WannaCry is making headlines again, and this time it hit a major target: Boeing. The aerospace company quickly contained the infection, which only spread to a couple dozen computers.
“Our cybersecurity operations center detected a limited intrusion of malware that affected a small number of systems. Remediations were applied and this is not a production or delivery issue,” the company said in a statement.
Boeing isn’t offering details about the attack, but said initial reports about a devastating attack were “overstated and inaccurate.” Only computers with Boeing’s commercial airline business were affected; the company’s defense and services lines were not.
WannaCry originally appeared in May 2017, infecting unpatched Windows systems with the help of leaked NSA hacking tech. Over 200,000 machines were hit in what quickly became a computer worm. Fortunately, a security researcher activated a “kill switch” in the ransomware that effectively neutralized the attacks —but not completely.
The kill switch has an important caveat: it can only stop new WannaCry infections when the target machine can go online to reach a special web domain. The ransomware will be told to stand down. What happens when a machine fails to reach the special web domain? Well, then there’s nothing to hold the infection back. Security researchers say the ransomware will attack the computer, encrypting all the data inside.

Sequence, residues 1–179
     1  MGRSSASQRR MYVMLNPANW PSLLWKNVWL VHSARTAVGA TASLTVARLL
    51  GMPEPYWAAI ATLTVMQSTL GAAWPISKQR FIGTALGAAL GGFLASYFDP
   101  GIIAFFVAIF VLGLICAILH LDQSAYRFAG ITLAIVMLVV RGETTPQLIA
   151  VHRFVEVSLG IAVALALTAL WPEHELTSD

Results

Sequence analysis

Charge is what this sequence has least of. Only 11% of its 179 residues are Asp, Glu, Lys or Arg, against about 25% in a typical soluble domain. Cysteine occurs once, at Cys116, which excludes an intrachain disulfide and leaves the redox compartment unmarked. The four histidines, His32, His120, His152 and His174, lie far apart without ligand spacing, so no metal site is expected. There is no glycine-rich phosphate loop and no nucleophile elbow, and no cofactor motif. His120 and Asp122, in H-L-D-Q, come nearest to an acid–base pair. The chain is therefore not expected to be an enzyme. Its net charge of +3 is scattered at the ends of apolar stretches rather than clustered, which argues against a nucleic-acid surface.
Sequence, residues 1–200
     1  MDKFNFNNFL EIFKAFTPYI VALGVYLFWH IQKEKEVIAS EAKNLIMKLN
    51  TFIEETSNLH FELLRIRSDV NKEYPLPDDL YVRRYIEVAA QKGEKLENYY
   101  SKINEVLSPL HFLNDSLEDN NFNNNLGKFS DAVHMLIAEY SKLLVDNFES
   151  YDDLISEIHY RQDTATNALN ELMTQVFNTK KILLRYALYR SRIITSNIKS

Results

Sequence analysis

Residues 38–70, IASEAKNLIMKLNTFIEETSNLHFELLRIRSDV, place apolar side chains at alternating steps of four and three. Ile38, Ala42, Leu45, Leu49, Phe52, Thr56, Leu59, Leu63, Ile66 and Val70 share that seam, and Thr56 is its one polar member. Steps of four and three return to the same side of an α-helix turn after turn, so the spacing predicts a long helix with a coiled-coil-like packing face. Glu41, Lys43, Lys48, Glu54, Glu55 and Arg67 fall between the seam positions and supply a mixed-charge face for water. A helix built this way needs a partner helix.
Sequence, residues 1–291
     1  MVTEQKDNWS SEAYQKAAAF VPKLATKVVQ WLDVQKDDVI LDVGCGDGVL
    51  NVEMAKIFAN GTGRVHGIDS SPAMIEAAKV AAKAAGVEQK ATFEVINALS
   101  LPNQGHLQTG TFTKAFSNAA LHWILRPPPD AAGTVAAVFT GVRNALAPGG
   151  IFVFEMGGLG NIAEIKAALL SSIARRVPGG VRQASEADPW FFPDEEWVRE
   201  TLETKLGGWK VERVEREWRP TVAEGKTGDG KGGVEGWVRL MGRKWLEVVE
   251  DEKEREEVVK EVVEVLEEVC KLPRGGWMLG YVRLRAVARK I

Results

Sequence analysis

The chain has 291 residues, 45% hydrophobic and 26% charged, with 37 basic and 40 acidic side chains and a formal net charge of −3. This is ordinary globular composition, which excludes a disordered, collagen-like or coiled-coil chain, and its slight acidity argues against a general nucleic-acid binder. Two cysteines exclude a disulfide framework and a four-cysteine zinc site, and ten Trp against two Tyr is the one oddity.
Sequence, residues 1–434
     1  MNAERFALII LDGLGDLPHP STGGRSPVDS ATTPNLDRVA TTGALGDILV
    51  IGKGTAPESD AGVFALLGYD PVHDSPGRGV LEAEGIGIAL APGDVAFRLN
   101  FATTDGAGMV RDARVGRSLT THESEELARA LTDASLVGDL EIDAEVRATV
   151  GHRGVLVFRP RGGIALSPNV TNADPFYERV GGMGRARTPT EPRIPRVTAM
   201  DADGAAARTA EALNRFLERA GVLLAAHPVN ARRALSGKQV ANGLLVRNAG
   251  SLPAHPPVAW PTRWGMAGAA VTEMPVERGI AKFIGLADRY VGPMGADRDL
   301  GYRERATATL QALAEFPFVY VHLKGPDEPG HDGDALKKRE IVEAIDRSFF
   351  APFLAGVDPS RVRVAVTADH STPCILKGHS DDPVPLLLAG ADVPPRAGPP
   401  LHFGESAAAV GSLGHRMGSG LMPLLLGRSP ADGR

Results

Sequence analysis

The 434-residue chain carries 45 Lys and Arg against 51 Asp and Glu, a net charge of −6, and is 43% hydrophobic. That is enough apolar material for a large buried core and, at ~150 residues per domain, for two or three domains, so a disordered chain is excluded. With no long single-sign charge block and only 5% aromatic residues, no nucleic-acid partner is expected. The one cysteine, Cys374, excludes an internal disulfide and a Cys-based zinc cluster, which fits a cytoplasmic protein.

The threat is particularly relevant for enterprises that run Windows systems with limited or no internet access. “Most of the systems inside a manufacturing network are not configured to talk to the internet,” said Jake Williams, founder of IT security provider Rendition Infosec. “As a result, they can’t access the kill switch domain.”
How Boeing was infected with WannaCry isn’t clear. But the company isn’t alone. Williams said he knew of at least three other organizations hit with manufacturing stoppages from new WannaCry infections over the last six months. In one case, a vendor accidentally brought an unpatched laptop carrying a live WannaCry infection into a corporate network.
“We think it was infected at another client site the vendor was working at, hibernated, and then brought to the new site,” Williams said. The infection then “tore through the network like a hot knife through butter,” he added.
To this day, some computers remain live carriers of WannaCry. These machines likely became hosts of the ransomware before the kill switch was activated, but for whatever reason were never shut down. They continue to scan the internet for unpatched Windows systems in an attempt to spread. However, the infections are harmless, except when access to the kill switch is denied, said Salim Neino, CEO of security provider Kryptos Logic. “Systems which cannot connect or reach it directly are at serious risk,” he added.
Enterprises that want to eliminate any potential run-ins with the notorious ransomware should install Microsoft’s patches, which can stop the threat.